Heat warping does not happen in normal use modes.  It happens when you take the wheels out of the parameters in which they work.  There are few better wheels to use in your typical road race or office park crit than a well built set of carbon clinchers.  As evidenced by prominent rides (notably, Levi's Gran Fondo) preventing their use, there are some situations in which carbon clinchers are the WRONG choice.  Going down what would ordinarily be a fast and challenging descent with 500 or 5000 of your closest friends, some of whol might be a heck of a lot more proficient at going up hills than they are going down them, is the wrong time to be on carbon clinchers. 

Despite quite a bit of marketing to the contrary, this isn't an issue that the expensive brands have solved.  A bit of Google will show you that, and I'll tell you once again that almost exactly one year ago I saw, firsthand, a set of the most heavily marketed carbon clinchers fail due to heat - in exactly the type of conditions where we warn of their deficiency. The specific set of wheels that are more than any other responsible for the decision taken at Levi's Gran Fondo cost well in excess of $2,000.  You can't hide from physics, no matter how big your marketing budget. 

We like our customers, and want them to enjoy cycling and be safe and have stuff that performs well.  It doesn't take a lot of customer education to convince people that, for example, a mountain bike race is the wrong place to use your road bike.  Unfortunately, it takes quite a bit more effort to convince people that carbon clinchers are not a wheelset for every condition - even direct and specific warnings emailed personally go unheeded.  That being the case, we feel it necessary to take a couple of actions.  First, the terms and conditions have been updated.  Second, we will no longer be selling carbon clinchers in spoke counts higher than 20/24.  The world's most powerful sprinters don't need higher spoke counts than that (although they do all seem to prefer 24 spoke wheels), so wheel stiffness is not a concern.  This move is purely to discourage those riders who are bigger than would be adequately served by 20/24 spoke counts to choose wheels other than carbon clinchers.  We will lose sales because of this, we know that.  There are cases in which riders might wind up with the exact same rims we sell, but with higher spoke counts.  We simply feel that this is the reasonable and responsible course of action for us and our customers.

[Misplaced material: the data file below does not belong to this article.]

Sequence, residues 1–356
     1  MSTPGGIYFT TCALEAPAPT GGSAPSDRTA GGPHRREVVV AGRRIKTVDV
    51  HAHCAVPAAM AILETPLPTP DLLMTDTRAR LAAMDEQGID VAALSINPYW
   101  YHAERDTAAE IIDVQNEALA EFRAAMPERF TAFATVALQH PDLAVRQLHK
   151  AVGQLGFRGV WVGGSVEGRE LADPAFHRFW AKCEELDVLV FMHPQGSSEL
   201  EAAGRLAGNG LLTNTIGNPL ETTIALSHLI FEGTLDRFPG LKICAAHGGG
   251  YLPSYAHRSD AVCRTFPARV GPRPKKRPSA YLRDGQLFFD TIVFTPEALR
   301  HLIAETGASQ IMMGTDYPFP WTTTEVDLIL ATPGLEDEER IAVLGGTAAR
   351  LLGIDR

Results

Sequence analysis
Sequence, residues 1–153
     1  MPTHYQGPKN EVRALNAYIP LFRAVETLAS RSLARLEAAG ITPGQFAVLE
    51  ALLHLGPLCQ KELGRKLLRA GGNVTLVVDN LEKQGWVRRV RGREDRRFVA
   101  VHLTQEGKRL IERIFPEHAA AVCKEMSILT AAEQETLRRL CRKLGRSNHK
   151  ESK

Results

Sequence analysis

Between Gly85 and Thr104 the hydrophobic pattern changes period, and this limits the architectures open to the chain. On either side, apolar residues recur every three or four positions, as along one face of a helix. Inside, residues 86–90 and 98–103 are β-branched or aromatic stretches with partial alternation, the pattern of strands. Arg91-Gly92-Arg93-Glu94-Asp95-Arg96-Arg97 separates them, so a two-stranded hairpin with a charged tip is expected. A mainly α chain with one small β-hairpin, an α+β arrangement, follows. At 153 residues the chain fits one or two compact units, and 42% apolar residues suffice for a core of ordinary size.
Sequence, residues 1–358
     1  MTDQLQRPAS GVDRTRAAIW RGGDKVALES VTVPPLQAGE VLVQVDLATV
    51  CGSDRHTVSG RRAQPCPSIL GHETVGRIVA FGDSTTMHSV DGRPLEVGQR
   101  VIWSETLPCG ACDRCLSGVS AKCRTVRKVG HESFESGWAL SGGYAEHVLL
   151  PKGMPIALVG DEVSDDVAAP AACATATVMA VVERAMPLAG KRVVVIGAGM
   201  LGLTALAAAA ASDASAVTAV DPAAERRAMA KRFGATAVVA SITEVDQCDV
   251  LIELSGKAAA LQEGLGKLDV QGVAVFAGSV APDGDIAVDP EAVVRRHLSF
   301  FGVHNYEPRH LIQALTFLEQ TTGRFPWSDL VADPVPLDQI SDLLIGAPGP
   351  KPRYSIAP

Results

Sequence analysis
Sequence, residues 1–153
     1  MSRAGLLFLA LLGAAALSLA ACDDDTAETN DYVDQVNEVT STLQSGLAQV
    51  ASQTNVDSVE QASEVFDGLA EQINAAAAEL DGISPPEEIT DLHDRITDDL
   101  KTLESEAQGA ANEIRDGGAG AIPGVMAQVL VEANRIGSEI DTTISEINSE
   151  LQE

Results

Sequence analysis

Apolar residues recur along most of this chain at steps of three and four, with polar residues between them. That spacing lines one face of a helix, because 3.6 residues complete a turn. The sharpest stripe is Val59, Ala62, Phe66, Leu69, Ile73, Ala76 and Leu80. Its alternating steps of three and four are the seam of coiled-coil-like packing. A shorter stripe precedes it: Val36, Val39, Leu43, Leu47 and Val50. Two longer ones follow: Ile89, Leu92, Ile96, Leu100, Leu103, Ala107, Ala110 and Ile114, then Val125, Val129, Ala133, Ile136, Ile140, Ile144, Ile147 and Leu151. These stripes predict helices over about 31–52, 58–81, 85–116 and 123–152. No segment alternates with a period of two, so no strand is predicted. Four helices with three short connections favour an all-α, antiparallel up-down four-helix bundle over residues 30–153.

See you at the office park!

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Joe,Believe it or not I thought a lot about you when I wrote this. Simply put, the few bad apples have spoiled the barrel. I see you riding your wheels and it's a pretty darn good argument for keeping the SOB build. Unfortunately, realizing that we could send an email directly to a customer and have what we say blatantly ignored is unfortunately a stronger argument. Remember that our standard build has more spokes (usually 4 each wheel) more than many others. The wheels "they" are putting together for 180 pound guys who throw 1900 watts in a sprint are laced like our standard build. We will continue to offer tubulars in SOB build. But the bigger question to you is, knowing the potential misuse of our wheels that's out there, what would you have us do? Cone up with a better solution and we're all ears. I'm sorry to disappoint you but we unfortunately can count on people to not act like you do. Dave